Emile pauses then resumes his critical stress debriefing, “During patient assessment a transport EMT obtains vitals; while the other ensures the airway, adequate breathing, and circulation. We gather a past medical history, a list of medications, any known allergies, and pick up any paperwork from relatives of the hospital or nursing home that might give us more clues to the patient’s current condition. At some point, generally when they’re loaded onto the ambulance, we ask them to sign a form that most EMT’s describe as patient confidentiality statement, but it is actually a billing release. It is drilled into us in our retrain days 2 through 5 that we must always obtain a signature. That’s because it costs several hundred dollars for an ambulance ride. People wrongly think that calling 911 is a quick free way to see a doctor. That isn’t a very realistic conception at all.”
“Nope, FDNY shakes um for about 500 too,” says Mickhi.
“My work for Transcare brings me into the projects, townhouses, homes, and apartments of New Yorkers in all five boroughs. We also bring patients to places like Connecticut, Long Island, and Upstate New York. I always have a different partner because I work irregular shifts generally overnights and weekends. Most shifts will mandate you to work over 12 hours. One makes plans with a cushion when working; you’ll always be late if you have plans after work.”
Mickhi has heard all this before, said a hundred different ways. The paper articulates a lot of these basic points, puts in writing what most already now via word of mouth.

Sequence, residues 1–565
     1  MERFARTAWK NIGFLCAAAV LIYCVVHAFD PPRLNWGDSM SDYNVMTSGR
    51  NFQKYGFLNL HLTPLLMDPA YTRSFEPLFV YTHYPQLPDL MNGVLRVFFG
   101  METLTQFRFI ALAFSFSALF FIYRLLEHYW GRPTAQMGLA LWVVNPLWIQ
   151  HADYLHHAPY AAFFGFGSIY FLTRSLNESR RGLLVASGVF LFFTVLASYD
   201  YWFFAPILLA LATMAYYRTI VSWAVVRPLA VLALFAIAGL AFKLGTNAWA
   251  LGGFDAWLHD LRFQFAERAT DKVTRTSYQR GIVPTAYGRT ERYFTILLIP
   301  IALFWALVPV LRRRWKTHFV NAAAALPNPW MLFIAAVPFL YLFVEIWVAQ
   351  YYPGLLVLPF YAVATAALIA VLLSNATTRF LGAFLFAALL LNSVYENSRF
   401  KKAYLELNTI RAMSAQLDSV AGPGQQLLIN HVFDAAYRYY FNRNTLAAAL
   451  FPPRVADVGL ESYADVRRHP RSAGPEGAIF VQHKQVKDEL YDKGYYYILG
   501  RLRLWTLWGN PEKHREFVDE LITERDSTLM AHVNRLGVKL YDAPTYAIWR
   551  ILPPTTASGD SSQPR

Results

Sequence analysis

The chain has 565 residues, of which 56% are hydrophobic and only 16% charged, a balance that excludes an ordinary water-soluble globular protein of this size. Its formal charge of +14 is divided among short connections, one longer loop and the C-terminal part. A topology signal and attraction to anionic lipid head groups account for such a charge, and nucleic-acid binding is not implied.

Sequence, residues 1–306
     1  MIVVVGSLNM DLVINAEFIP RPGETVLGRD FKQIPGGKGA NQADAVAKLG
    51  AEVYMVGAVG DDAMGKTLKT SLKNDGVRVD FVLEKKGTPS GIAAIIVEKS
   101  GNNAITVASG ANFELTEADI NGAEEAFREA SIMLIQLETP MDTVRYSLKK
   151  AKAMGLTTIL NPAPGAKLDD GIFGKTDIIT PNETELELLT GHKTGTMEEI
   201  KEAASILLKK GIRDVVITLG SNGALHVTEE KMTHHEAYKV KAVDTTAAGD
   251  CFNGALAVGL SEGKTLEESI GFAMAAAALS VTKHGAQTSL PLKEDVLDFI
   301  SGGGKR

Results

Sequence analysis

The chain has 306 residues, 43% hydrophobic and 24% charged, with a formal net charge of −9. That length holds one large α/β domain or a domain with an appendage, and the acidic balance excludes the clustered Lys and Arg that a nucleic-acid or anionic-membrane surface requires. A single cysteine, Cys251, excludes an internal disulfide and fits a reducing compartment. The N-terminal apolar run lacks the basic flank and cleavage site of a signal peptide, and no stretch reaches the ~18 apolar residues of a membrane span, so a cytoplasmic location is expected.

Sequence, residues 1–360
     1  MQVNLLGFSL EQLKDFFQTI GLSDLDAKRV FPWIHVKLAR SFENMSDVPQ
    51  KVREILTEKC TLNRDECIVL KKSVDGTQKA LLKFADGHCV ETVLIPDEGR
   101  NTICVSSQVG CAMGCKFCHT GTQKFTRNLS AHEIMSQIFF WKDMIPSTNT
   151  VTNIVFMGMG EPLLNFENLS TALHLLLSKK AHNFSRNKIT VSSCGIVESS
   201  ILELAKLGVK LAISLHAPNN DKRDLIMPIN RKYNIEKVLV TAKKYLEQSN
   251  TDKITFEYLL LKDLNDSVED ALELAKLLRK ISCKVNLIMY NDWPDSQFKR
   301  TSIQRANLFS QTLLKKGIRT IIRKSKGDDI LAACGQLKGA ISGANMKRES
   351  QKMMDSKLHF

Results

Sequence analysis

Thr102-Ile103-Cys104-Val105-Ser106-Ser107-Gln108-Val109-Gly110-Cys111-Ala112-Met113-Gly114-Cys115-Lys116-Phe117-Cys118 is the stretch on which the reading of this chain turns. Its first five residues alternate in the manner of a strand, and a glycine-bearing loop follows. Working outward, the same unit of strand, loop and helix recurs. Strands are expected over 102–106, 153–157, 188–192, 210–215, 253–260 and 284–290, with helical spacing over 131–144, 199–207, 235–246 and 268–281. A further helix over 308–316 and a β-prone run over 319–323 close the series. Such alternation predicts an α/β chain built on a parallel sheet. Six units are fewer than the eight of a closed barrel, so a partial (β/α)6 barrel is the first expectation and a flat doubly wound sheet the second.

Says Emile Cange, “My partners fall into two categories of which I am in the second. The first have been here more than six months and have made a profession in EMS transport; that is to say non-911 pick-ups of the morbidly obese, chronically ill, or psychiatrically unstable. They like the job because by the third year it comes close to Starbucks pay and is particularly accommodating to larceny and laziness collectively. Going 911 would mean working harder, going to another Private company or FDNY might mean working harder and being more tightly scrutinized.”
Only about one/fifth of Transcare employees in EMS (they also operate a fleet of non-EMS Access-a-Ride Para transit buses) are in this category.
Everyone else is out of here in six months, Mickhi and Emile included.
The remaining group is generally right out of school and looking to quickly accumulate experience before they either go 911 and transfer to better private or get accepted in to the FDNY Academy for EMS.
“A small subgroup of the second category is just logging the 200 hours they need to go Paramedic. The real difference in partners is those that want to do this career or those that see it as a complicated hustle getting paid to do precious little. It should reassure you slightly to know most of the people who will be doing this on a 911 level care enough to keep their skills sharp if not care enough to care.”